Anna and Matthew Taylor, Chief Executive of the RSA, discussed the book’s themes in a live event. You can watch the recording of the event HERE
A new report by Ipsos MORI and the Centre for Ageing Better shines a light on the impact lockdown has had on those aged 50-70, revealing dramatic changes to people’s lives and their plans for the future.
The interesting short video above is a compilation of clips from people describing their own experiences, both negative and positive.
To watch some more short videos on specific aspects of the impact of Covid-19 such as health, housing and work, see this playlist on their Youtube channel
Ageing Better held a recent webinar focussing on the Neighbourhood Networks in Leeds and Birmingham – see the one hour recording HERE
This was one in a series of webinars entitled ‘Road to Recovery’. The next one is on Weds 12th August and will explore ‘Bridging the Digital Divide’, again including speakers from Leeds.
The other day I was advised that I needed a routine chest x-ray (not COVID-19 related). The nearest available hospital was in the centre of Leeds. Driving myself into the business of the city from the outskirts was a bit of a novelty.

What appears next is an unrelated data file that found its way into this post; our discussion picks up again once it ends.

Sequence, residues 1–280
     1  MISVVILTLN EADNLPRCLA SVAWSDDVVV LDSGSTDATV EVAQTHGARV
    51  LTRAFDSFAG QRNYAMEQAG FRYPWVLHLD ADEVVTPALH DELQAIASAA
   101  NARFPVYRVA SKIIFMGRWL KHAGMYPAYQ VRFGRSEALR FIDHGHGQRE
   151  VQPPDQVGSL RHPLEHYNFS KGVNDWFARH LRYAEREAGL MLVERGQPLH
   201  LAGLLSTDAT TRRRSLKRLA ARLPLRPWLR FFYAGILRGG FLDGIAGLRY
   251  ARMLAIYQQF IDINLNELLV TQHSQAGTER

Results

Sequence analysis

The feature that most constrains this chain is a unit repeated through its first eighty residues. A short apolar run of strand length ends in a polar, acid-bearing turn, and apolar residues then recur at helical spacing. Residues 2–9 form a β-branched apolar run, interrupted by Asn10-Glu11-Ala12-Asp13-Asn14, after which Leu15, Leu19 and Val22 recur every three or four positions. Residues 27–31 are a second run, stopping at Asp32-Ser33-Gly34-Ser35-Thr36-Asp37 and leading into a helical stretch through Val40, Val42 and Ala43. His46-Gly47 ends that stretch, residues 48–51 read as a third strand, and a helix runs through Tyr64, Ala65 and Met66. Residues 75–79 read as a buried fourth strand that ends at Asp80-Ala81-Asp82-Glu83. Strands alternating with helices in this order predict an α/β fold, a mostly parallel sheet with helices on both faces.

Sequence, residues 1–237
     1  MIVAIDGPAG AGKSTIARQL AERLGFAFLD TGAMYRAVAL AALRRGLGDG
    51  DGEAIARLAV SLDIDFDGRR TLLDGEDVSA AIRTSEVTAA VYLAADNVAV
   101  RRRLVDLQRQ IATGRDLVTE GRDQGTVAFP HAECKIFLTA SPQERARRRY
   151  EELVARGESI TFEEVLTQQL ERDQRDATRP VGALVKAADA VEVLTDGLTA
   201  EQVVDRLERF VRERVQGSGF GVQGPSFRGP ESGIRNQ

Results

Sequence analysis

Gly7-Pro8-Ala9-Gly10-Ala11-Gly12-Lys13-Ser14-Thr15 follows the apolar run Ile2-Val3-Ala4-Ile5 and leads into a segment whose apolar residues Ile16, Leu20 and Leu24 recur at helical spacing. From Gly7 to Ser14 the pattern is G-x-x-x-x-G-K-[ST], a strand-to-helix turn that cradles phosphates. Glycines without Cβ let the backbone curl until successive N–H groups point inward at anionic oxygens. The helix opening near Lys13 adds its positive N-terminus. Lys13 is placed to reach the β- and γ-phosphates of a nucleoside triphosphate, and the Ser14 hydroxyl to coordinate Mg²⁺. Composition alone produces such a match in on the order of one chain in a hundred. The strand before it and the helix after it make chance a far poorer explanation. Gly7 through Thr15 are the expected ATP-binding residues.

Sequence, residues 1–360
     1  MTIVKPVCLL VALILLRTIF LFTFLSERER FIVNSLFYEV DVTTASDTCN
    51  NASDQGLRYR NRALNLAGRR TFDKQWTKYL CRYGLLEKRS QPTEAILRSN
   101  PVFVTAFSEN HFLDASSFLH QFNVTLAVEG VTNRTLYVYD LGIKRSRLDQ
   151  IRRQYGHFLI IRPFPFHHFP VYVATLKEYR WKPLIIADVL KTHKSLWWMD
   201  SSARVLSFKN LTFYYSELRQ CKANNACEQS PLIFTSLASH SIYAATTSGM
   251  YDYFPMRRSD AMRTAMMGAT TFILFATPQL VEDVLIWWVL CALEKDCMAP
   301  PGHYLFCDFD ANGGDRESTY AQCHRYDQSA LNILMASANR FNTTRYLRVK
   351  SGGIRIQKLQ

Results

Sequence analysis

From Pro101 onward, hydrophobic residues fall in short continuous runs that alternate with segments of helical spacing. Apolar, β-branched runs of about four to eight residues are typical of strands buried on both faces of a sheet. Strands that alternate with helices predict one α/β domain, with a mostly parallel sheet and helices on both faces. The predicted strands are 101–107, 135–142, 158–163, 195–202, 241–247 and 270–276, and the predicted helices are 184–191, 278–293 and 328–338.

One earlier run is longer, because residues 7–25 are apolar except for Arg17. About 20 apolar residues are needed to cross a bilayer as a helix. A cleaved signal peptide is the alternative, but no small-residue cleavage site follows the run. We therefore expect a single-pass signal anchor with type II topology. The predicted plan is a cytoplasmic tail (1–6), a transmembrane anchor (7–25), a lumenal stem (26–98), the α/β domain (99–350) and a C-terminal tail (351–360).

Until the March lockdown, I had enjoyed an active priestly life which involved ministry to an enclosed community of religious sisters, prison chaplaincy and some committee work but not parish involvement. I live, therefore, in an independent flat. I am 74 years old and preparing for retirement in August. I am the owner of 2 arterial stents, 3 by-pass arteries and more recently a cardiac pacemaker.
As a vulnerable older person I was instructed to self-isolate in my home. It has made obvious sense for me to keep the rules. Other than daily exercise and the odd minor infraction, I have stayed at home, isolated from the general commerce of daily life. Even my shopping has been done by two very kind friends.
Thus a trip into Leeds was a novelty which at first felt quite daunting. However I soon got into the swing of it. Everything went well and it was the most straightforward outpatient appointment, I think I have ever had. It felt good to become again part of daily life with nurses, doctors and patients all moving about their business as if they were nothing too unusual happening in the world.
As I drove back I tuned in to radio 5L, as I have so often done in times past. And then suddenly, as if the clock had been turned back, I experienced a strange and powerful feeling of beingyoung and energetic again. It quite startled me to realise that three months of isolation and constant news bulletins of sickness and death had imperceptibly given me a sense of having aged.